“After Dan died, it was hard to see how the show would proceed,” said Lorne Green, the family’s patriarch.

Michael Landon, who played the role of Little Joe Cartwright, felt the same way, recalling how painful it was returning to filming without Blocker. “When we first returned, that first day was so bad.”

“We were all trying to force jokes. We had so many good times and horsing around in the dining room over the last 13 years, with Dan and Lorne,” said Landon.

Bonanza Did Not Directly Address Hoss’s Death

After filming together for over a decade, the Bonanza cast was pretty close and became each other’s family, which helped them all put up a good show. Even the cast agrees that the success behind the television series was the cast.

“The show is popular not because of the stories; but because of the three brothers and their father,” said Dan Blocker in a past interview.

It would be fair to say that the show did not do a very good job addressing Ross’s death and being transparent about it. Before that final season, Michael Landon (Joe Little) warned viewers that they probably would not get any closure about what happened to Hoss.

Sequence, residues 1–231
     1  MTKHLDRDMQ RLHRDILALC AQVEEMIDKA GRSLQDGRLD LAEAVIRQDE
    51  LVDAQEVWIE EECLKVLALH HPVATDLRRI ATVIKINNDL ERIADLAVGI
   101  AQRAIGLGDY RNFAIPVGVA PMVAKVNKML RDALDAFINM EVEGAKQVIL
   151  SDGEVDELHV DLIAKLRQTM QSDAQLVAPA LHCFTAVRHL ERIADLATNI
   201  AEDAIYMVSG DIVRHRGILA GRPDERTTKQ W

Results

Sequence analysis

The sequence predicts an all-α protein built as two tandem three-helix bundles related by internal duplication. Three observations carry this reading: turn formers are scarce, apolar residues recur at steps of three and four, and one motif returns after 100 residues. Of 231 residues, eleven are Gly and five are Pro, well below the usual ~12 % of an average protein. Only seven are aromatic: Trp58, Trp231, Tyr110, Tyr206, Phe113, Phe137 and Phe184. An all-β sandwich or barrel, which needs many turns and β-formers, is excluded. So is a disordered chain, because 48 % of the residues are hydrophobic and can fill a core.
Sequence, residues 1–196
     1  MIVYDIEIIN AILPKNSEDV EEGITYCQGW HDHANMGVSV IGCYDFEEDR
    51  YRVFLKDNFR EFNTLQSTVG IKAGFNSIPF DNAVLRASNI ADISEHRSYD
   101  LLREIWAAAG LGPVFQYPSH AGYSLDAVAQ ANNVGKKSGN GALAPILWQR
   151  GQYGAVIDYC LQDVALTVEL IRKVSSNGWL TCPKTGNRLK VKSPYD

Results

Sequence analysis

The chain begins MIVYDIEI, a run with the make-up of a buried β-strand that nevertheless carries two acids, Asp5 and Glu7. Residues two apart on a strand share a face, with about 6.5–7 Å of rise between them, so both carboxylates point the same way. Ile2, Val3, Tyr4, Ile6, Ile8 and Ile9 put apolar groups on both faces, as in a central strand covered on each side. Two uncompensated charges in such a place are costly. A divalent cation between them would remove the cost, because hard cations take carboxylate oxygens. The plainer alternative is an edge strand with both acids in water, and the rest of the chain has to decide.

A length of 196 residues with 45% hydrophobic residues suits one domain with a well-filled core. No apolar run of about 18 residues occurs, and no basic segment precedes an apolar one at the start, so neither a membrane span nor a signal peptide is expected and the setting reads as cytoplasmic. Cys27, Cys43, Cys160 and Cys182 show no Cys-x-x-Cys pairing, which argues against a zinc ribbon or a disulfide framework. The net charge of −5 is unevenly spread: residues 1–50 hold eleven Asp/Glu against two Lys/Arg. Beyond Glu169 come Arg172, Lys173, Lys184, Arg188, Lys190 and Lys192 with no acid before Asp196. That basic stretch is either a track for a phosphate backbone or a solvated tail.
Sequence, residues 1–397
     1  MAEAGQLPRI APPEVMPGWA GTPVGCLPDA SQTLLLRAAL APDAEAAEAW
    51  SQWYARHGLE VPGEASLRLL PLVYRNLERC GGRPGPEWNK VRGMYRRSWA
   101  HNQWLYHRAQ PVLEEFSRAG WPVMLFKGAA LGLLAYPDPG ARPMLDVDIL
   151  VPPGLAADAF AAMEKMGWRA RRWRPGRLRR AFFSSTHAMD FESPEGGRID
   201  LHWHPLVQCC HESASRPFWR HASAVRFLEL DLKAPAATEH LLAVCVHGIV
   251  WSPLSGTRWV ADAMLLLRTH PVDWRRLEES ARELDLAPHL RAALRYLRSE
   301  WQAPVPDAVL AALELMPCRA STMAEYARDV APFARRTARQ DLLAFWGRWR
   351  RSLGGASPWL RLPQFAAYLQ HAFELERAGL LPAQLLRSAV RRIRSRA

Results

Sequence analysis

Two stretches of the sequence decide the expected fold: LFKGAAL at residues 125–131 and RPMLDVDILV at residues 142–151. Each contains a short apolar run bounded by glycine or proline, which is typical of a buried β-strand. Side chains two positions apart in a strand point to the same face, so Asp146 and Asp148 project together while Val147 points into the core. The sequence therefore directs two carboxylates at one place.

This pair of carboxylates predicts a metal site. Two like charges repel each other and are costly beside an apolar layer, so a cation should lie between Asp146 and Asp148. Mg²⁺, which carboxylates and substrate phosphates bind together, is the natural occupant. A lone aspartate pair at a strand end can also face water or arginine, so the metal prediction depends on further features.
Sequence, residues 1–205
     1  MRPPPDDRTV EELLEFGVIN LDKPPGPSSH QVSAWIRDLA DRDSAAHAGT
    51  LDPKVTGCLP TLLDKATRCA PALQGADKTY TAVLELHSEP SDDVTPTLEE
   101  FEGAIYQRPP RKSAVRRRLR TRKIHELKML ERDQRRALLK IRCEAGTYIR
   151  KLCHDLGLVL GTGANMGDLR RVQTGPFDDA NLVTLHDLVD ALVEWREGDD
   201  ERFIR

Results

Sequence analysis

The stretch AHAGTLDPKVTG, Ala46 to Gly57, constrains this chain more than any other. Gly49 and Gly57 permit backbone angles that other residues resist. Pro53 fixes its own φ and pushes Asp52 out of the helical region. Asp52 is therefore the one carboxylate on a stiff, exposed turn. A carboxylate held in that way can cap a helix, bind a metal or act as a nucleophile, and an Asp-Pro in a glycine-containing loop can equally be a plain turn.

“I am sure some of you would rather have us dedicated an entire hour memorial to Blocker but were not in a position to do that, but we tried doing what we thought he would’ve wished for us to do,” said Landon in a statement.

He added, “We try to bring up Hoss in passing, very simply. Not everyone will be happy, but it is what it is.”

True to his word, the final episode of the fourteenth season, in which Little Joe’s wife, Alice Cartwright, dies, does not mention or even address Hoss’s death.

Instead, we see Little Joe struggling to cope with his wife’s death. He returns to the house where she is beaten and burnt and picked up a charred photo of his wife.

The camera zooms in on this photo and then on Hoss’s photo nearby, and Little Joe breaks down grieving his wife and, of course, the real-life death of his friend, Dan Blocker.